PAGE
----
Can Windows Server 2016 be a DirectAccess client?

As a follow-up to my last post about connecting branch offices via DirectAccess, what if that branch office has a local server? Maybe you have an onsite RODC to make authentications faster. Or perhaps a local file server so the branch office computers don’t have to reach over the WAN all the time for their documents, slowing them down. Whatever the reason you have a Windows Server running in your branch office, the answer is YES! Those servers can become DirectAccess CLIENT computers, and connect back to the main office via DirectAccess themselves. There really is no need for your branch offices to have expensive or complicated site-to-site VPNs or MPLS circuits, all you need is a regular internet connection combined with the DirectAccess you are already running for your clients (you are running DirectAccess, right? If not, get it now!).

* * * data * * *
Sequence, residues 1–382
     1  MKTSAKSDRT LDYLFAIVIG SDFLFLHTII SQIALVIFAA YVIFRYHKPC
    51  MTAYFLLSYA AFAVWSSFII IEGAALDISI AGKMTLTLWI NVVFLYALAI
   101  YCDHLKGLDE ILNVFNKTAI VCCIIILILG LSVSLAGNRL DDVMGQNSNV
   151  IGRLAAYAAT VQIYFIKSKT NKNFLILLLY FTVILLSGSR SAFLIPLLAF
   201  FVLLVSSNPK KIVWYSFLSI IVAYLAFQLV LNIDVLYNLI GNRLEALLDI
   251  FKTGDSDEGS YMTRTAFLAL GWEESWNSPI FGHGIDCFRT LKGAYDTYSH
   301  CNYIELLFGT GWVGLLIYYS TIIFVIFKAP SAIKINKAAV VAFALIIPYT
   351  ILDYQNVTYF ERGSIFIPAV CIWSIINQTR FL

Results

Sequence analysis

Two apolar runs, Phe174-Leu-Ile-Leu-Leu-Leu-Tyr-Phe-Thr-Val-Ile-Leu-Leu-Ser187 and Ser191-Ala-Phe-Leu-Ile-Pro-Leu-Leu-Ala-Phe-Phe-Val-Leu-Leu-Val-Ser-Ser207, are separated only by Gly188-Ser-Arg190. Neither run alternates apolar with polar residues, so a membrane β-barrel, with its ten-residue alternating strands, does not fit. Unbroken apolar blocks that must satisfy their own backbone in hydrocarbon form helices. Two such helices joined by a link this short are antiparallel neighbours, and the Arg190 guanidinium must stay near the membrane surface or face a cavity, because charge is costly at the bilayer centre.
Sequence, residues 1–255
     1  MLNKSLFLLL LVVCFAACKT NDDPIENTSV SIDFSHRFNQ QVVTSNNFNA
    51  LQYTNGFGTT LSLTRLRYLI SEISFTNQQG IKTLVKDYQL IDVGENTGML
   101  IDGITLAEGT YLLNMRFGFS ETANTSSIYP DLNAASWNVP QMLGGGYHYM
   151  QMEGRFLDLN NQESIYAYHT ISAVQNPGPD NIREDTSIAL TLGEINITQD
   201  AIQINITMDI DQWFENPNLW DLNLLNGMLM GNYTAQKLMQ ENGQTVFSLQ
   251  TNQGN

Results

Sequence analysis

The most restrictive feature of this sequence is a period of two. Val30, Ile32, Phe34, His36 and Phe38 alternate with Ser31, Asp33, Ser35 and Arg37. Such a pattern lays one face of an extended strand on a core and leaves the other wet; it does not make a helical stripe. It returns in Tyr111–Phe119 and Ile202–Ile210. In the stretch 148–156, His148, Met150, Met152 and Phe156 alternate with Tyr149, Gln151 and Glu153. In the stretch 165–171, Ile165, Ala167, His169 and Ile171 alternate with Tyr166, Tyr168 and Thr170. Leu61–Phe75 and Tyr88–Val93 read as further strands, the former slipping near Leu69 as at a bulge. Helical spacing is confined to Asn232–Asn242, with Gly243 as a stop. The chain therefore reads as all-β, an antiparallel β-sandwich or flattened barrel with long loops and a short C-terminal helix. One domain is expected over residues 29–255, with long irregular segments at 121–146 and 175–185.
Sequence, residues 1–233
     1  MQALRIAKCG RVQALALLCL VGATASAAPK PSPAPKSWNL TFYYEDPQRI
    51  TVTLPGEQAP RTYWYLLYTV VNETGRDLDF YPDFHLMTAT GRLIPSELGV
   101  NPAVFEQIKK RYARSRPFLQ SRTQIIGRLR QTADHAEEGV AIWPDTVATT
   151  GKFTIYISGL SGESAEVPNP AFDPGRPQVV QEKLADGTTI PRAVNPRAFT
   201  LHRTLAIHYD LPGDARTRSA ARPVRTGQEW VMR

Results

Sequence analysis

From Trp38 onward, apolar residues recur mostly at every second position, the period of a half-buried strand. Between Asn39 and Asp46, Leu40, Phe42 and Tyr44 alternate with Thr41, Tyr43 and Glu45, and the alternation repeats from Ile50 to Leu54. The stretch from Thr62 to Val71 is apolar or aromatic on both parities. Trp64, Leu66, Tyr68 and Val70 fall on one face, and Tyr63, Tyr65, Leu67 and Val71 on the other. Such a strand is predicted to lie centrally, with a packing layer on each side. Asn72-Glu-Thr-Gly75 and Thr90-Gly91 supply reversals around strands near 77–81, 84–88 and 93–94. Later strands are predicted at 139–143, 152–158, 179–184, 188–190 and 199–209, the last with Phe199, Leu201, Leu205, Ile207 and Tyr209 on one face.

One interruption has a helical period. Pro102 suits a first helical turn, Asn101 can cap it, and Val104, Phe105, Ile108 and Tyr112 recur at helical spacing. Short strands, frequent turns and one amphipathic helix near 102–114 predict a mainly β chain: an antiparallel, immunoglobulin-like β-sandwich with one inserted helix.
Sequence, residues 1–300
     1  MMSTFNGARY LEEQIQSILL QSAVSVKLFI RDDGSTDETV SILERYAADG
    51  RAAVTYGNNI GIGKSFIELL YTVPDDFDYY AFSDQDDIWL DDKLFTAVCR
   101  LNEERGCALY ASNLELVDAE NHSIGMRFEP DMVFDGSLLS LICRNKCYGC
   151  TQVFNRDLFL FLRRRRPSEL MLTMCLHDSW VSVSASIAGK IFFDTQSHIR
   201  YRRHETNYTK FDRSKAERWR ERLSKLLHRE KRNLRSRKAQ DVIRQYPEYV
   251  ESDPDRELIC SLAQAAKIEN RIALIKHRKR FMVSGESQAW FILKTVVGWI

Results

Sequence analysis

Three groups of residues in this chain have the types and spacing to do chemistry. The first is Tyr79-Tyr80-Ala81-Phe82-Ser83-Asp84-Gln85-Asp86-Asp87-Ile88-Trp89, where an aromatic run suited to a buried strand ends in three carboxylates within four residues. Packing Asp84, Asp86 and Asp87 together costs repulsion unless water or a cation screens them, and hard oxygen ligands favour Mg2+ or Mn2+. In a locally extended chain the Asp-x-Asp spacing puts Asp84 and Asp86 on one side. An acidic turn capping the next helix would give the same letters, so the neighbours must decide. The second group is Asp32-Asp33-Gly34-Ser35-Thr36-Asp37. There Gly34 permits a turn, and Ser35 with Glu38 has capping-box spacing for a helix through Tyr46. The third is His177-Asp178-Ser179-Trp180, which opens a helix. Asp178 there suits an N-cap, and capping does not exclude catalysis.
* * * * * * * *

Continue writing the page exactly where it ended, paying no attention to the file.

You have probably seen the list of client operating systems which can be DirectAccess client computers, but what many people don’t realize is that this “client” list also extends into the Windows Server world. Here is the full list of operating systems which can connect via DirectAccess:

Windows 7 Ultimate
Windows 7 Enterprise
Windows 8.x Enterprise
Windows 10 Enterprise
Windows 10 Education
Windows Server 2012
Windows Server 2012 R2
Windows Server 2016

And what special tricks or hoops do we need to jump through in order to make our Windows Servers connect via DirectAccess? Nothing! Simply add them to your “DirectAccess Computers” group just like you would with any laptop or tablet that you wanted to connect via DirectAccess. Those servers will pull down their DA connection settings, and the next time they are connected over a regular internet connection, they will connect back to the main datacenter automatically, just like any other DA client machine.

Jordan Krause